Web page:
Belfast Telegraph

Saturday 2 August 2014

Joe Kernan: Controversies must not tear sport apart

Mayo manager James Horan has hit out at ‘imbalanced’ media coverage

Don't let the great sports of gaelic football and hurling suffer any more!

That’s my earnest plea to the GAA authorities as we gently ease ourselves into the new season.

For far too long now, contentious issues have been quietly swept under the carpet, with the powers that be clearly hoping that with the passage of time they will be forgotten about.

And all the time gaelic football in particular has been savagely besmirched with successive controversial incidents tearing at its very fabric.

Both Nickey Brennan and Christy Cooney who served as presidents of the association prior to the present incumbent Liam O’Neill taking up office were at one in calling for better presentation of our games.

This being the case, it might have been assumed that at this juncture significant progress would have been made in this sphere.

Sadly, this is not the case. Just recently O’Neill, perhaps tongue in cheek, suggested that there were “about 45” people on the touchline at an important match in Armagh while the issue of ‘sledging’ has been brought into greater prominence following the incidents involving Wexford’s Lee Chin and Crossmaglen Rangers player Aaron Cunningham.

Unless the authorities are prepared to grasp what are particularly stingy nettles, then I feel the association will continue to lose some of its status and credibility.

An element of malice has crept into football that is unwelcome and this malice can take various forms, manifesting itself in cynicism, verbal abuse, time-wasting and gamesmanship.

No longer is gaelic football the manly, athletic pursuit to which we have grown accustomed.

Instead, dubious tactics are employed to win matches, the unwritten theory clearly being that the end justifies the means.

But this will no longer be tolerated by the fans. From my own observations, anecdotal evidence and liaison with officials from different counties, I am convinced that the GAA faces a fight to retain the loyalty and fervour of its fans.

The only way that this can be obtained is to offer a sanitised product that places emphasis on the skills of the game rather than a win-at-all-costs attitude which invariably leaves a sour taste in the mouth.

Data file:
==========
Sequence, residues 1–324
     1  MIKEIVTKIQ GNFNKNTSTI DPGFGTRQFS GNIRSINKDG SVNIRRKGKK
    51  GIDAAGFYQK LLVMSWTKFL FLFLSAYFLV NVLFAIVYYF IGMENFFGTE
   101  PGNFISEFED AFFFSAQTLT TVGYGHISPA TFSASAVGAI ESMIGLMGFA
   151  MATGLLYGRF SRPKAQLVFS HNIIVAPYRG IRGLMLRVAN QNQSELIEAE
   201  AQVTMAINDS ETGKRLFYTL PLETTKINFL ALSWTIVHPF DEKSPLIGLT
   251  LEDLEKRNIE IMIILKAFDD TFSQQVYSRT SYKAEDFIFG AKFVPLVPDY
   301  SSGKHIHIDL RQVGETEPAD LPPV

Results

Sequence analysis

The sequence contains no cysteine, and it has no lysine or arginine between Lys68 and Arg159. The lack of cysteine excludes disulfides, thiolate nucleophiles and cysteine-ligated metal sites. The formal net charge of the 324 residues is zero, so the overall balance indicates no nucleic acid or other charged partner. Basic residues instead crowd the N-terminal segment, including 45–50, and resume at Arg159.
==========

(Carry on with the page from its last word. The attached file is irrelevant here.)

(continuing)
And it has become increasingly important that punishments are seen to fit the crimes for which they are administered.

Some of the suspensions handed down over the past couple of years or so were nothing short of derisory with players, some of whom were found guilty of serious offences, missing perhaps one important game or indeed none at all.

This makes the administration of so-called justice totally irrelevant and means that those who sit on disciplinary bodies whether at club or county level are merely wasting their time.

Seldom in its long history has the GAA been enjoying the media profile which it currently enjoys.

But there is certainly no reason for complacency in this connection. Only this week Mayo manager James Horan has hit out at what he felt was “imbalanced” previewing of the last year’s All Ireland final by RTE.

Mayo of course lost the game and Horan believes that the nature of the coverage in advance of the game did not do his side any favours.

There is clearly a ravenous appetite on the part of players and supporters to read, watch and listen to coverage of our games.

But this does not mean that people will be prepared to put up with anything. There are acceptable standards of sportsmanship, and dare I say it decency, that must be maintained if the association is to keep its hard-won credibility.

Other sports may from time to time cast envious eyes in the direction of the GAA because of the crowds that it draws, the passion it engenders and the athleticism and conditioning which its amateur players reveal.

That is no great surprise but this could change if the GAA continues to shoot itself in the foot — something at which it has become rather proficient in recent times.

It is high time that the GAA top brass showed courage and firmness in tackling the issues that are a source of concern to us all.

There is no point in paying lip-service to indiscipline or attempting to dilute the severity of what is wrongdoing by making excuses for those involved.

Far too often, those who breach the rules either on the playing field or in the corridors of power escape without censure and this merely encourages others to follow in their footsteps.

The dawn of a new year offers the opportunity for the association to go forward in a more positive, forthright and courageous manner.

Honesty is, sadly, often conspicuous by its absence in the GAA. For instance, when did you last hear a manager admit after a game that he clearly witnessed an untoward incident and that his player deserved to be red-carded? No, I thought not.

Maybe in 2013 candour and character will prove the mainstays of a sport that has so much to offer but insists on blotting its own copybook much too frequently.

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